Skip to main content

Yes, It's Old News, But

... a scientific scandal, involving a woman who received a chemistry Ph.D. at august Columbia University, and was a candidate for a Ph.D. in molecular biology at Heidelberg University in Germany, only recently came to my attention. Here's a photo of the Columbia Quad.

Image result for columbia university

The story is so fascinating that even the date of the investigative documents involved (2010) can't keep me from going over the ground here.

 Here's a link, for those who want to go further into the matter than I plan to go here: https://pubs.acs.org/cen/science/89/8932sci1.html.

Because federal grant money was involved, the HHS Department's Office of Research Integrity did a thorough review of the matter.

The culprit, Bengu Sezen, claimed to have developed a way of selectively activating C-H bonds. Think of the words "hydrocarbon" and "carbohydrates" and you have two good reasons for caring about the C-H bonds.

The selective activation of C-H bonds continues to be an active field of research. Alas, Sezen's claims to progress were an utter dead end.

One picturesque detail to arise out of the fraud: Sezen used correction fluid, ordinary "white out," to fake laboratory results, removing certain peaks in a spectrum read-out that didn't meet her hypothesis.

What fascinates me? Well, to begin, that white out. That's something I know. I don't really know what "to selectively activate C-H bonds" means. I'm not sure why it is considered tough to do so. I have no idea what the spectrum resulting from an experiment on the subject should look like. I'm a terrible ignoramus. BUT ... I know what correction fluid looks like and have used more than my share!

That this is a scandal about work on C-H bonds also reminds me in an odd way of the Velikovsky controversy of the '60s. Regular readers of this blog may know that the Velikovsky controversy is something of a "thing" for me.

One point I remember from reading about IV's theories: the passing of a celestial body close to Earth was supposed to explain the raining of "manna" while the Jews were in the wilderness. Why? Well ... one skeptic explained, such an event (if it had occurred) might explain the entry of hydrocarbons into the atmosphere, and Velikovsky might simply have confused hydrocarbons with carbohydrates. One C-H bond with another. So he might have thought he had a naturalistic explanation BOTH of the manna AND of "fire and brimstone" from the heavens. Killing both of those birds with the same astronomical stone.

Okay, too much free association.

Comments

Popular posts from this blog

Cancer Breakthrough

Hopeful news in recent days about an old and dear desideratum: a cure for cancer. Or at least for a cancer, and a nasty one at that.

The news comes about because investors in GlaxoSmithKline are greedy for profits, and has already inspired a bit of deregulation to boot.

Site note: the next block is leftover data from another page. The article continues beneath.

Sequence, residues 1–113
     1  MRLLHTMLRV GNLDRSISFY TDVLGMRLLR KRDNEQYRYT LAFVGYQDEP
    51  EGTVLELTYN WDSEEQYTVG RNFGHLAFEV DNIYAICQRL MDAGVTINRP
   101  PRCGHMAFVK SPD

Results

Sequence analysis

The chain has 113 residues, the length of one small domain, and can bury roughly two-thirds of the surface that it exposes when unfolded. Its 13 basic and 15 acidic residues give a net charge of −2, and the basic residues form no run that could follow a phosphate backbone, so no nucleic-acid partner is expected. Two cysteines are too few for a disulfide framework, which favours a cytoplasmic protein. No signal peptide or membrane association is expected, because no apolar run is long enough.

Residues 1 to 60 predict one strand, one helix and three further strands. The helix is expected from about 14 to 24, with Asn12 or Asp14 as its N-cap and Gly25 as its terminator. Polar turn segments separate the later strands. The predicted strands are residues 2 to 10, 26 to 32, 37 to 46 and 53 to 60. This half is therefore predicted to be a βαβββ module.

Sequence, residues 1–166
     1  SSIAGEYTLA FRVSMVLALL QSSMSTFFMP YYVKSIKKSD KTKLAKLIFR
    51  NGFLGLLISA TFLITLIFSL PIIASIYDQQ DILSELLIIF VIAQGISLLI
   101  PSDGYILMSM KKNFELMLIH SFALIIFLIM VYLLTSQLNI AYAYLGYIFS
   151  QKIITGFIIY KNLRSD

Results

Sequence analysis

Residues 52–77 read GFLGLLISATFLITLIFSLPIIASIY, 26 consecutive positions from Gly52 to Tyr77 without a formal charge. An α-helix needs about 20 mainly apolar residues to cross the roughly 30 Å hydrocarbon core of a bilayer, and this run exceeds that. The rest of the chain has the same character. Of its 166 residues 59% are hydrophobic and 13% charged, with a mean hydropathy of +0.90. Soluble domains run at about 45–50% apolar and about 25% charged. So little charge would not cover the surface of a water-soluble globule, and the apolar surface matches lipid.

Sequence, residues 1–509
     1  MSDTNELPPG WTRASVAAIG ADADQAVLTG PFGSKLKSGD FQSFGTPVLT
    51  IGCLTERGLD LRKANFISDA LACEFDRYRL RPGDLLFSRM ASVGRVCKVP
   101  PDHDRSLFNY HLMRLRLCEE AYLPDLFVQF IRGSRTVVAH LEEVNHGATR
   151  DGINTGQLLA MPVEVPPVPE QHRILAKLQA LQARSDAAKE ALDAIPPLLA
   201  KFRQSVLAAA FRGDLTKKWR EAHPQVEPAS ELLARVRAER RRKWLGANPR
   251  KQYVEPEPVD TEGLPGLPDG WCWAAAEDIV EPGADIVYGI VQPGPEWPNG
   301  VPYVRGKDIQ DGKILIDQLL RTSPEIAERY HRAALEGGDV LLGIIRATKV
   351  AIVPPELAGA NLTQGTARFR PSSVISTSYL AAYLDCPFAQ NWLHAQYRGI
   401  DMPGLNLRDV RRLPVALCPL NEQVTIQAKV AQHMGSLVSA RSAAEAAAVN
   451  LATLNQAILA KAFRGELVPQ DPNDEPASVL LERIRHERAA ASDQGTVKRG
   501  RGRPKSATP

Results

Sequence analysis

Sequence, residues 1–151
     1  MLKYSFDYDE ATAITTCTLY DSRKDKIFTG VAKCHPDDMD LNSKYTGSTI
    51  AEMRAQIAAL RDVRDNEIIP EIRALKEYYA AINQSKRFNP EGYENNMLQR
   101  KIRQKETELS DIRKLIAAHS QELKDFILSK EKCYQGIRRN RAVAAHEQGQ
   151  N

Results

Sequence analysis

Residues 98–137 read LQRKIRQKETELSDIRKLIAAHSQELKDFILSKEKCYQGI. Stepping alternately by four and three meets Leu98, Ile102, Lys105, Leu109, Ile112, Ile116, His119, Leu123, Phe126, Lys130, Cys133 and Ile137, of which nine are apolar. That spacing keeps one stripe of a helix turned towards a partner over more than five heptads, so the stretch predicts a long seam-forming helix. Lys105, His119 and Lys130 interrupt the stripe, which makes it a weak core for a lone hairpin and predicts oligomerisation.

The FDA has paved the road for a speedy review of a new BCMA drug for multiple myeloma, essentially cancer of the bone marrow. This means that the US govt has removed some of the hurdles that would otherwise (by decision of the same govt) face a company trying to proceed with these trials expeditiously. 

This has been done because the Phase I clinical trial results have been very promising. The report I've seen indicates that details of these results will be shared with the world on Dec. 11 at the annual meeting of the American Society of Hematology. 

The European Medicines Agency has also given priority treatment to the drug in question. 

GSK's website identifies the drug at issue as "GSK2857916," althou…

A Story About Coleridge

This is a quote from a memoir by Dorothy Wordsworth, reflecting on a trip she took with two famous poets, her brother, William Wordsworth, and their similarly gifted companion, Samuel Taylor Coleridge.



We sat upon a bench, placed for the sake of one of these views, whence we looked down upon the waterfall, and over the open country ... A lady and gentleman, more expeditious tourists than ourselves, came to the spot; they left us at the seat, and we found them again at another station above the Falls. Coleridge, who is always good-natured enough to enter into conversation with anybody whom he meets in his way, began to talk with the gentleman, who observed that it was a majestic waterfall. Coleridge was delighted with the accuracy of the epithet, particularly as he had been settling in his own mind the precise meaning of the words grand, majestic, sublime, etc., and had discussed the subject with William at some length the day before. “Yes, sir,” says Coleridge, “it is a majestic wate…

Hume's Cutlery

David Hume is renowned for two pieces of cutlery, the guillotine and the fork.

Hume's guillotine is the sharp cut he makes between "is" statements and "ought" statements, to make the point that the former never ground the latter.

His "fork" is the division between what later came to be called "analytic" and "synthetic" statements, with the ominous observation that any books containing statements that cannot be assigned to one or the other prong should be burnt.

Actually, I should acknowledge that there is some dispute as to how well or poorly the dichotomy Hume outlines really maps onto the analytic/synthetic dichotomy. Some writers maintain that Hume meant something quite different and has been hijacked. Personally, I've never seen the alleged difference however hard they've worked to point it out to me.

The guillotine makes for a more dramatic graphic than a mere fork, hence the bit of clip art above.

I'm curious whe…